New Delhi: In a significant judgement, the Supreme Court on Wednesday refused to refer to a larger bench to revisit its 29 year old Mandal verdict putting cap on quotas at 50 per cent as it quashed a Maharashtra law granting reservations to Marathas in admissions and government jobs in the state, saying it violated the principle of right to equality.
The top court said that no Âextraordinary circumstancesÂ were made out in granting separate reservation of Maratha Community by exceeding the 50 per cent ceiling limit of reservation.
It said that to change the 50 per cent limit is to have a society which is not founded on equality but based on caste rule and if the reservation goes above 50 per cent limit which is reasonable, it will be a slippery slope, the political pressure, make it hardly to reduce the same.
The apex court observed that Âwhen more people aspire for backwardness instead of forwardness, the country itself stagnates which situation is not in accord with constitutional objectivesÂ.
A five-judge constitution bench headed by Justice Ashok Bhushan unanimously held, ÂThe Act, 2018 (Maharashtra Socially and Educationally Backward Classes Act, 2018)violates the principle of equality as enshrined in Article 16. The exceeding of the ceiling limit without there being any exceptional circumstances clearly violates Article 14 and 16 of the Constitution which makes the enactment ultra viresÂ.
Justice Bhushan, who wrote a separate 411-page verdict for himself and Justice SA Nazeer said, ÂWe thus conclude that the Act, 2018 as amended in 2019, granting separate reservation for Maratha community has not made out any exceptional circumstances to exceed the ceiling of 50 per cent reservationÂ.
The bench, however, unanimously upheld the validity of 102nd Constitutional amendment but in 3:2 verdict held that enactment has taken away the power of states to identify Socially and Educationally Backward Classes (SEBC).
Writing the majority 158-page judgement on this aspect, Justice S Ravindra Bhat, whose views were concurred by Justices LN Rao and Hemant Gupta, said, ÂBy introduction of Articles 366 (26C) and 342A through the 102nd Constitution of India, the President alone, to the exclusion of all other authorities, is empowered to identify SEBCs and include them in a list to be published under Article 342A (1), which shall be deemed to include SEBCs in relation to each state and union territory for the purposes of the Constitution.
However, all the five judges held the 102 Constitutional amendment does not affect the federal polity and did not violate the basic structure of the Constitution.
While dealing with the question of reference, the top court rejected the Maharashtra government submission that only three judges in 1992 Indra Sawhney verdict also called 'Mandal verdict' have held that 50 per cent cannot be breached while six other judges have held that it can be breached.
ÂWe, thus, do not find any good ground to revisit Indra Sawhney or to refer the same to a larger Bench on the above ground urgedÂ, it said, adding that the majority opinion in the 1992 verdict has held that normally reservation should not exceed 50 per cent and it is only in extra-ordinary circumstances it can exceed 50 percent.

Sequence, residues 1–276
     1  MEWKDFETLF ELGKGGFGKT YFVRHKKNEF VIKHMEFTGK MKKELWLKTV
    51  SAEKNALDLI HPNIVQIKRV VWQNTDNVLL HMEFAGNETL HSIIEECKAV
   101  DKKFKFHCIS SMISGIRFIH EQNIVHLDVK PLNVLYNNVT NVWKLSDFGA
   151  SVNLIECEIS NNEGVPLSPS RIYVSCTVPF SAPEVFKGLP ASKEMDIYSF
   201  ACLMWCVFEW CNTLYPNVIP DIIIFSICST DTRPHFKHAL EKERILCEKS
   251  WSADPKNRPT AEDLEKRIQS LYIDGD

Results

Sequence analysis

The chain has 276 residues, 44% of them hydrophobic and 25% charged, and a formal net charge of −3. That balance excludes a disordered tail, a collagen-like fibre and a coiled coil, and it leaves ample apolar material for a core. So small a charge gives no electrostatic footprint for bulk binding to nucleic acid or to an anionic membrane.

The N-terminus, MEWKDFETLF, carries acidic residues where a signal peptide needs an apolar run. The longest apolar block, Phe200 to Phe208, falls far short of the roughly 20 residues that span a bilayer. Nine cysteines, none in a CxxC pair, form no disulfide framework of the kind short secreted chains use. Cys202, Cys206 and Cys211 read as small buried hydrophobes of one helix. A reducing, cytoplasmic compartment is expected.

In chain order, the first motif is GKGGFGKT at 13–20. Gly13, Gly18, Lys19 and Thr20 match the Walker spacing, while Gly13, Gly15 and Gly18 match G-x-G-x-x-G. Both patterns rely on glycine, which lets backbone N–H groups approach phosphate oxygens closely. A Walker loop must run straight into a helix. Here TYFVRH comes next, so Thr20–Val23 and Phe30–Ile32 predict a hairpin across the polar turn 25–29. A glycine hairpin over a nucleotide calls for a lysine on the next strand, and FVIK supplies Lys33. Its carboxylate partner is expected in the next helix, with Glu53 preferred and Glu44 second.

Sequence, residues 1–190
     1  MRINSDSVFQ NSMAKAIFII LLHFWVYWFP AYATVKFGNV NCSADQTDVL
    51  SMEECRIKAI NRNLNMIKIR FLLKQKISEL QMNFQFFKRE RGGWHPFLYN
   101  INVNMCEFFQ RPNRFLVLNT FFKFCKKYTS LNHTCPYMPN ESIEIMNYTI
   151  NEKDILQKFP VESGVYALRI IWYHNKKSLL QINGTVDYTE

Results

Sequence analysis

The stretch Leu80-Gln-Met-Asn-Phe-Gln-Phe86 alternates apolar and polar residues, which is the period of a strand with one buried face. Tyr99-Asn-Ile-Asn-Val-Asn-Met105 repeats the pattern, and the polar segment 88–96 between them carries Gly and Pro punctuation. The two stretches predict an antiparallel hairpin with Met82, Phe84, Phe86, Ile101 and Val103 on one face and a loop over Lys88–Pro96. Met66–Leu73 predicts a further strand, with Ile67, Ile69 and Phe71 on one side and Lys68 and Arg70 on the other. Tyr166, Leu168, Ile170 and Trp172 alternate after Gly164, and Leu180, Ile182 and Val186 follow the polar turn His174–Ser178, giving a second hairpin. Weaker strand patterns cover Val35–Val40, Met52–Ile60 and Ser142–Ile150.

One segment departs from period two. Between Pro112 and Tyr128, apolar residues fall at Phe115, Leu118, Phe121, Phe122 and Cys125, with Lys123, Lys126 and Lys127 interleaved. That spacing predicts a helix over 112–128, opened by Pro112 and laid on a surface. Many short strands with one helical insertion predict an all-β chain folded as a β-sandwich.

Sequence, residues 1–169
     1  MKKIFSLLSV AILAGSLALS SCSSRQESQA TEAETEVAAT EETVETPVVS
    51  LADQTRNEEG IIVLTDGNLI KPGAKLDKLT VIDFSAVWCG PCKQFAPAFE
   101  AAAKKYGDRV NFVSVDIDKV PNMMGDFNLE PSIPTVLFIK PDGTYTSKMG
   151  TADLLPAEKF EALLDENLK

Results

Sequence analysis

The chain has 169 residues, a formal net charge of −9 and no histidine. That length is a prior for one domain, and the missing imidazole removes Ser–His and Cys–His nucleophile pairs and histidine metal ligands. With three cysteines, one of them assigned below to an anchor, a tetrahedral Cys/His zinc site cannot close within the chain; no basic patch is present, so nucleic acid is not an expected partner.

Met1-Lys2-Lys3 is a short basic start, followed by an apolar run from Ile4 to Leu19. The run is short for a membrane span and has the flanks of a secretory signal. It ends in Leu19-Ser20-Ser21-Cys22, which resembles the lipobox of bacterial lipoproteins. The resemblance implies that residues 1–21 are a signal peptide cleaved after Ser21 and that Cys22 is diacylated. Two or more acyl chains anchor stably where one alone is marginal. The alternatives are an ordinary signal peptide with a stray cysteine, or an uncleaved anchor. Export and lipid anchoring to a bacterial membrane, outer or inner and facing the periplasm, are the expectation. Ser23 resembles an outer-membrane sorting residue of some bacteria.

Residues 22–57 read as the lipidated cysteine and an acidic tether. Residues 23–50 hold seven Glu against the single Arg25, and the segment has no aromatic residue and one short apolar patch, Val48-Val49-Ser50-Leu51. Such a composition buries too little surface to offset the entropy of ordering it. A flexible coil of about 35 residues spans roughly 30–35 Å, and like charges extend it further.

It said that to change the 50 per cent limit is to have a society which is not founded on equality but based on caste rule and added that the judgment of Indra Sawhney has been repeatedly followed by this Court and has received approval by at least four Constitution Benches of this Court.
It said that the 50 per cent rule affirmed in the 1992 verdict is to fulfill the objective of equality as engrafted in Article 14 of which Articles 15 and 16 are facets and 50 per cent cap is reasonable and it is to attain the object of equality.
ÂWe are of the considered opinion that the cap on percentage of reservation as has been laid down by Constitution Bench in Indra Sawhney is with the object of striking a balance between the rights under Article 15(1) and 15(4) as well as Articles 16(1) and 16(4). The cap on percentage is to achieve the principle of equality and with the object to strike a balance which cannot be said to be arbitrary or unreasonable,Â it said.
The bench said that providing reservation for advancement of any SEBC in public services is not the only means and method for improving the welfare of backward class and added that Maratha are adequately represented in services with the community bagging 33.23 per cent of open category posts.
It said, "Articles 15 and 16 of the Constitution which are facets of right of equality were incorporated as fundamental rights to translate the ideals and objectives of the Constitution and to give opportunities to the backward class of the society so as to enable them to catch up those who are ahead of them".
The top court said that Maharashtra State Backward Classes Commission headed by MG Gaikwad and the Bombay High Court treated the extraordinary situations, the fact that population of backward class is 85 per cent and reservation limit is only 50 per cent.
ÂThe extraordinary circumstance as opined by the Commission and approved by the High Court is not extraordinary situation as referred to inÂ of Indra Sawhney judgment. The Marathas are a dominant forward class and are in the mainstream of National lifeÂ, it said, adding that both the commission and the high court fell in error accepting as extraordinary circumstances.